You may want to be extra careful when eating glazed doughnuts in the car. If you drop a few crumbs, you could end up going to jail.
It happened to Dan Rushing, 64, a central Florida man who was pulled over for driving 42 mph in a 30 mph zone.
During the traffic stop, the Orlando police officer asked for permission to search his car, and during the search the officer found four doughnut crumbs on the floor in front of the driver’s seat.
The crumbs, Rushing explained, came from a glazed Krispy Kreme doughnut he had bought at the nearby 7-Eleven and had eaten while driving.
But the officer suspected the glazed bits found on the floor were crystal methamphetamine.
“Rushing stated that he has never done any drugs in his life,” the police report said.
The police, though, had the damning evidence right there with the help of a roadside drug testing kit.
“I recognized, through my 11 years of training and experience as a law enforcement officer, the substance to be some sort of narcotic,” the arresting officer wrote.
“I field tested the substance and I received a positive indication for the presence of amphetamines,” the report said. “I conducted a separate test on the substance and received another positive indication for amphetamines.”
Rushing, who was carrying his state-licensed concealed weapon at the time, was charged with possession of amphetamine with a weapon, and held on $2,500 bond.
He was strip-searched in jail and confined there for more than 10 hours. Weeks later, his case was quietly dropped after the Florida Department of Law Enforcement determined that the two roadside drug tests created false-positive results.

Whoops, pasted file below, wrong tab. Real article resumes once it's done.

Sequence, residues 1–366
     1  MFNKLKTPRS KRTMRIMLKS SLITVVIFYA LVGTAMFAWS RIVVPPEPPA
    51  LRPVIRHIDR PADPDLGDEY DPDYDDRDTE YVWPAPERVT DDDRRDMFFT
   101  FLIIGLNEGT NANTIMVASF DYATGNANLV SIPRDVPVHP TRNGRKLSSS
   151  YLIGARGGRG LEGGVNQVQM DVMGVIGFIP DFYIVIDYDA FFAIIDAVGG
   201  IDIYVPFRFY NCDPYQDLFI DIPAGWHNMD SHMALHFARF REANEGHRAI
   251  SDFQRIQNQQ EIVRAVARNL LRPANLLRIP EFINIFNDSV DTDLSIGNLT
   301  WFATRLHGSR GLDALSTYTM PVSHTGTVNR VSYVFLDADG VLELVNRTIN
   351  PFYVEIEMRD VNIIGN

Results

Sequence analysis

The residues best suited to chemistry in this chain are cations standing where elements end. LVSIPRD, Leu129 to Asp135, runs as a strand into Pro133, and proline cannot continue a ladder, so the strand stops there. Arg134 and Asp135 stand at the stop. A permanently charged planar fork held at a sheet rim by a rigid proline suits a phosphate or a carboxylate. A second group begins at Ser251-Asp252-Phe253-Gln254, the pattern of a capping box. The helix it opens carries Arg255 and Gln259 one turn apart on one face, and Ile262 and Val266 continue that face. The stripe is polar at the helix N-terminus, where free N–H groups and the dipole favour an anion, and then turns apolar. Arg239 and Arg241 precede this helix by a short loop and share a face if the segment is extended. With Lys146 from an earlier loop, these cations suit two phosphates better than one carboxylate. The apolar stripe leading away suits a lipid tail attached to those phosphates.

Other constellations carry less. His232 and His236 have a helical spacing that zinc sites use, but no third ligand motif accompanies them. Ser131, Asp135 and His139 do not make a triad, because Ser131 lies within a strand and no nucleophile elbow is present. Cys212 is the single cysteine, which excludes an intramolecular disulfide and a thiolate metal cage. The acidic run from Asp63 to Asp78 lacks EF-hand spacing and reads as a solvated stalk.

It happens too often.
An investigative report published last month by ProPublica found that scores of people across the country are jailed and convicted every year based on faulty readings from frequently unreliable $2 roadside drug kits.
“Data from the Florida Department of Law Enforcement lab system show that 21 percent of evidence that the police listed as methamphetamine after identifying it was not methamphetamine, and half of those false positives were not any kind of illegal drug at all,” ProPublica reported.
“In one notable Florida episode, Hillsborough County sheriff’s deputies produced 15 false positives for methamphetamine in the first seven months of 2014. When we examined the department’s records, they showed that officers, faced with somewhat ambiguous directions on the pouches, had simply misunderstood which colors indicated a positive result.”
Often, these kits have been discredited enough to make them inadmissible as evidence in a trial. But the overwhelming majority of drug possession cases are handled with plea bargains, not trials.
And these plea bargains are made before these faulty roadside drug tests are verified in a lab. So if you’re too poor to post bail, the fastest way to get out of jail is to ignore your innocence and plead guilty to illegal drug possession.
ProPublica looked at 300 drug cases in Houston, where the defendants were wrongly arrested and convicted due to false-positive readings on the roadside drug tests. In 57 percent of those cases, the jailed and innocent defendants pleaded guilty to drug possession within the first eight days they were jailed.
Some people opt for a bogus criminal record over waiting in jail and hoping that the justice system finds the error.
So be careful out there.
Don’t eat in your car, and if you do, vacuum it regularly. To paraphrase McGruff the Crime Dog: If you take a bite out of a noncrime, clean it up.
Eating glazed doughnuts already comes with its own set of perils. Turning you into a criminal shouldn’t be another one.
Frank Cerabino writes for The Palm Beach Post. Email: firstname.lastname@example.org.